Today, I ran across someone on LinkedIn who has the best grasp of declining R&D productivity from a macro level that I’ve ever seen. Kelvin Scott has a series of very insightful articles such as the ones below and a fantastic presentation.
I highly recommend you take a look though he’s more pessimistic than is warranted (he thinks that the industry is doomed). Many of his observations are on the mark, in that things cannot continue on the same trajectory. In my view, that means that they won’t–I think there will be structural changes in pharmaceutical R&D that will reverse the trends, because no one is going to be able to run companies forever with a negative return on investment.
For example, he discusses how there are too many companies chasing the same target that drives ROI down for everyone. That is probably true, and of course that means that eventually some of the companies will go out of business. When that happens, returns will rebound.
Continue reading “Someone Who Really Understands Drug Development”
Museum of Natural History. That’s a funny name, isn’t it? The whole building is full of scientific and biological items like skeletons and fossils. Where’s the history part? Shouldn’t it be called Museum of Science? Most people would put science and history on the opposite end of the spectrum.
When you hear a name like that, it almost feels like someone’s trying to obfuscate, trying to Continue reading “It’s a Shame that Scientists Develop Drugs, Instead of Engineers”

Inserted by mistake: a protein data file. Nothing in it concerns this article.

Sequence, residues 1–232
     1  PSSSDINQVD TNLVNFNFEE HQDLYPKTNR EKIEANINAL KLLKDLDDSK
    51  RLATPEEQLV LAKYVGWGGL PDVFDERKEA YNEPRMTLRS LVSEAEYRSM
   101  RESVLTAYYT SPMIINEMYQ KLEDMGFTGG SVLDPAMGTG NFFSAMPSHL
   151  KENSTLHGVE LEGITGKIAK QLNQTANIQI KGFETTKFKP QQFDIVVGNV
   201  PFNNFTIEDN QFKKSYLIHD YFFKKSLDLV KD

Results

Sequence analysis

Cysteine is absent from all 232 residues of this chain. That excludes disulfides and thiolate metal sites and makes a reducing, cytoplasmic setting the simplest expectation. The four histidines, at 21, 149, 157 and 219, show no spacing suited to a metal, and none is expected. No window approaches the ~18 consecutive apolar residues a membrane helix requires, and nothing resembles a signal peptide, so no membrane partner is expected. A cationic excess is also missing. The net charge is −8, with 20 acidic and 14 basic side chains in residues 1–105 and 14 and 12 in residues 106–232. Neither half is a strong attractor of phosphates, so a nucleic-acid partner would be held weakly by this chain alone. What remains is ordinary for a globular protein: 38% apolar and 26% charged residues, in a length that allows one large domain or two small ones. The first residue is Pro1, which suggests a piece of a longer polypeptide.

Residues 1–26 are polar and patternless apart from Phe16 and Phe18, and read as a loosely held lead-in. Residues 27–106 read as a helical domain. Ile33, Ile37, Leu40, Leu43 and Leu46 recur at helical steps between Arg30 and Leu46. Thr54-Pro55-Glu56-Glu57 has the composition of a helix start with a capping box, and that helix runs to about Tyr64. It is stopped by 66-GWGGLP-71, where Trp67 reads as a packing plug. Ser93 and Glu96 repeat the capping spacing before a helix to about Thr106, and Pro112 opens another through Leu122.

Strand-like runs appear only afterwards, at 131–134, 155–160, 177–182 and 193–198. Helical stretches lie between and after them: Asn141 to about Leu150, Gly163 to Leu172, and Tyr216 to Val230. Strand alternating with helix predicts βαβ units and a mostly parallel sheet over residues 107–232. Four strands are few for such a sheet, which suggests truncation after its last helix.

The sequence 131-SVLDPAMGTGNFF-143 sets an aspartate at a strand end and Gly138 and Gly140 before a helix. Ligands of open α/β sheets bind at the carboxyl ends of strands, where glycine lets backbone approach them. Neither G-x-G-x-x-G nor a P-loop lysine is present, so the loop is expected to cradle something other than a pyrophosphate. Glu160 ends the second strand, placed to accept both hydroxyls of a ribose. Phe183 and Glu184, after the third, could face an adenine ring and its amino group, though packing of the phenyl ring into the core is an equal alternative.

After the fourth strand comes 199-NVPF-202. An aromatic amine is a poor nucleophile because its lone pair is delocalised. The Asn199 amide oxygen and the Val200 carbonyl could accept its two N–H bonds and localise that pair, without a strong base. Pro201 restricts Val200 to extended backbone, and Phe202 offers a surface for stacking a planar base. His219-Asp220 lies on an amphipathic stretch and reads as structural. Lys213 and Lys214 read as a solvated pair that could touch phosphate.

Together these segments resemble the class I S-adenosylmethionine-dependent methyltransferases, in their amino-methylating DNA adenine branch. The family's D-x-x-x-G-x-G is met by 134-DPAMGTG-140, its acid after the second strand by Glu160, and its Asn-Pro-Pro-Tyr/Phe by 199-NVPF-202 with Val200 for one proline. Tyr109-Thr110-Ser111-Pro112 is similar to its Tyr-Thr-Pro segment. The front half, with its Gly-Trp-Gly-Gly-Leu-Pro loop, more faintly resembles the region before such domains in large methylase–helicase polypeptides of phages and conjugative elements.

“All I wanted was the opportunity to fail” – Jack Goeken, Founder of MCI
You can’t have successes without risking failure
When medical students are taught about appendicitis, we are taught that 20% of the appendectomies should find that the appendix does not need to removed. In other words, we should have such a low threshold for surgery that in 20% of the cases, we should be wrong. If only 10% of the surgeries are wrong, we are killing patients because Continue reading “Power of Failure”
In a novel, The Glass Bead, by Herman Hesse, the rulers of a world round up all the intellectuals who may be threat to them and shut them away in an isolated world called Castalia, to play a game called glass beads. The intellectuals play this game and occupy themselves, convinced that this internally self-consistent game is the most Continue reading “Castalia, Kinetics, Space”
Couple of days ago, I was talking to a medicinal chemist about why drug development productivity might have decreased.
Now, mind you, this guy was an “excellent chemist.” He’s been at this for over 30 years. He’s run big discovery groups for major pharmas. More recently, he’s been at small biotechs, and he’s been very productive. With 50 chemists or so, he’s managed to pop out 3 candidates in the last several years, all of which have been partnered with Continue reading “(Don’t) Blame the Chemists”
One of the most intractable problems in drug development has been productivity.
Some feel that productivity has decreased substantially while other believe that it has merely remained obstinately the same. What is clear is that investment and costs have been rising, and the output has at best remained constant.
I’ve had a lot of conversations about this with Continue reading “Whence the Low Productivity?”
Looking back at history of drug development, and the direction it has gone in the last twenty years or so, I think there are perhaps some assumptions about biology of drugs that we might want to challenge or question. Below are some of my thoughts about drug development productivity I’ve collected over the last couple of years.
Absolute levels of drugs and molecules tell only part of the story. Continue reading “What We Get Wrong About Drug Development”